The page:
Quinault Hatcheries Program
The Quinault Hatcheries Program is responsible for developing science based policy plans, and procedures to protect and expand the fisheries of the Quinault Indian Nation. The overall goal of the hatcheries are to aid in the restoration and enhancement of Quinault Indian Nation fisheries and to produce fish to create and sustain fish populations in the waters of the Nation to rebuild diminished runs.
We work hard in our efforts to change the course of decreasing population, so that a strong and thriving population can exist again on the Quinault waterways. This work includes operating two hatcheries, the Lake Quinault Hatchery (Pen Rearing) which provides fish for the Quinault River and the Salmon River Fish Culture Facility which provides fish for the Queets River system.
Tribal hatcheries incubate and rear salmon to supplement fish populations in the rivers while ongoing studies investigate potential causes for the decline in abundance of these fish. Two of the main reasons why the population has declined is due to degradation of habitat and overfishing.
Quinault Hatcheries Program Recent History
Historically, it’s been difficult for the Quinault Hatcheries Program to collect enough broodstock to meet the fall annual production goals. Meanwhile, it was difficult for the Quinault Indian Nation to rear their winter steelhead during the summer due to warm water and pathogen issues. The solution to this problem was found to be following research and a hatchery review recommendation to maximize fall Chinook survivability by increasing use of the Nation’s net pen system. In 2012 the Quinault Hatcheries Program was transferred to the Quinault Division of Natural Resources Fisheries Department. Summer rearing of the Nation’s winter steelhead program, meanwhile, was transferred to the Quinault National Fish Hatchery, where cooler Cook Creek water makes raising young steelhead prior to their release in Lake Quinault easier.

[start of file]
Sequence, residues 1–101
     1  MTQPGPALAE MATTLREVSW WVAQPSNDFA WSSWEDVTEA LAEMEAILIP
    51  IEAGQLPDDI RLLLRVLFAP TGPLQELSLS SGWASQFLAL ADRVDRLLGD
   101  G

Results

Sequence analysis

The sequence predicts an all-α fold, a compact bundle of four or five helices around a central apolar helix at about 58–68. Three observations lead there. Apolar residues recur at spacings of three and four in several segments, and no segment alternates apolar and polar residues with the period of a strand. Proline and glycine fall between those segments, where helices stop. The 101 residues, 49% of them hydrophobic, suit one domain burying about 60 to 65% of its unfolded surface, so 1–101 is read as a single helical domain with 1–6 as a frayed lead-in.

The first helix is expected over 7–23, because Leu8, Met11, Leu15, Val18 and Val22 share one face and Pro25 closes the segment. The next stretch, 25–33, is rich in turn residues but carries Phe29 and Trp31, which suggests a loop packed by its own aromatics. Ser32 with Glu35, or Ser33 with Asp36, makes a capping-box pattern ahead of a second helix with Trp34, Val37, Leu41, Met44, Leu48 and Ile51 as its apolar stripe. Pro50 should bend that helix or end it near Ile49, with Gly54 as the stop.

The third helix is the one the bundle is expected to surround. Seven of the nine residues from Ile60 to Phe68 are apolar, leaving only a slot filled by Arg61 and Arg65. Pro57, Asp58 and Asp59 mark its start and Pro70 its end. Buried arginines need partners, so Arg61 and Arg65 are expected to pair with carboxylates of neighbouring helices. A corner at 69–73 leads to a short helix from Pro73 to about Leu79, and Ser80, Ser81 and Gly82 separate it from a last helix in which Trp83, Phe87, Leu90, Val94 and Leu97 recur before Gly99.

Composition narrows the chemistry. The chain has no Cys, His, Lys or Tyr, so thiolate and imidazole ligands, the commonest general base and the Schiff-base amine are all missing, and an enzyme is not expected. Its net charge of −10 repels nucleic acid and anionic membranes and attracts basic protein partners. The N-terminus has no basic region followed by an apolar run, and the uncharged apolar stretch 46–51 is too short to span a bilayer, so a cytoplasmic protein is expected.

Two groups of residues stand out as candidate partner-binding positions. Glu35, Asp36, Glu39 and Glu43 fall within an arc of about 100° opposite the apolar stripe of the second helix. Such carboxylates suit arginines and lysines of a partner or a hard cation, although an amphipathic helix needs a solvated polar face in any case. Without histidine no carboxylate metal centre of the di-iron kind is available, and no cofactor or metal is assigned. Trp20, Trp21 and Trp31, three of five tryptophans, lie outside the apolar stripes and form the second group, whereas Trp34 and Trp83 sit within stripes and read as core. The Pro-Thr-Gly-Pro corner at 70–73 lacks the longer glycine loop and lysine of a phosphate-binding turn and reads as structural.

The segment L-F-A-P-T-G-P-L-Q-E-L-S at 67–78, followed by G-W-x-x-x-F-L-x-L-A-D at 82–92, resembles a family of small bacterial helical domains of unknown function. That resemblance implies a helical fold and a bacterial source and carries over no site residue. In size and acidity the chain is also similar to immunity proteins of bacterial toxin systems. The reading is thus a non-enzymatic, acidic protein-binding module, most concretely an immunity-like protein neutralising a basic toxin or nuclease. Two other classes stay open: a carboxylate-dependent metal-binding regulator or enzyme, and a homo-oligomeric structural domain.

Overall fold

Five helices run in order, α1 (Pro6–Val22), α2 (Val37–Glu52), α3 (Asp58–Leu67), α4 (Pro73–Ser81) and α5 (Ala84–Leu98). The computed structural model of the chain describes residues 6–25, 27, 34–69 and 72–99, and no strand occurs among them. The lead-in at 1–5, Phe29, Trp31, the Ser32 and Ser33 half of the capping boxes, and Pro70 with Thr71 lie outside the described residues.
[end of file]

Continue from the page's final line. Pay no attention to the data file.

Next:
Partnering to raise healthy fish is an ongoing commitment for these two hatcheries. In 2013, the U.S. Fish and Wildlife Service purchased six nets to assist the Nation in replacing the 35-year-old net pen system. Studies demonstrated that moving to the new, larger pens lowered fall Chinook rearing densities, and reduced predation by birds, mammals, and other fish. The new nets also have mesh small enough to allow easy transfer of the fish directly from incubators into the net pens. The upgrade reinforces efforts to pool resources and sustain hatchery programs vital to the Quinault Indian Nation and the local economy.
Fisheries Senior Scientist, Larry Gilbertson » 360.276.8215 x261
Fisheries Operations Manager, Tyler Jurasin » 360.276.8215 x472
Salmon River Hatchery Manager, William Johnstone » 360.276.8215 x330
Lake Quinault Hatchery Manager, Marty Figg » 360.276.8215 x330
Additional Quinault Hatcheries Program Resources: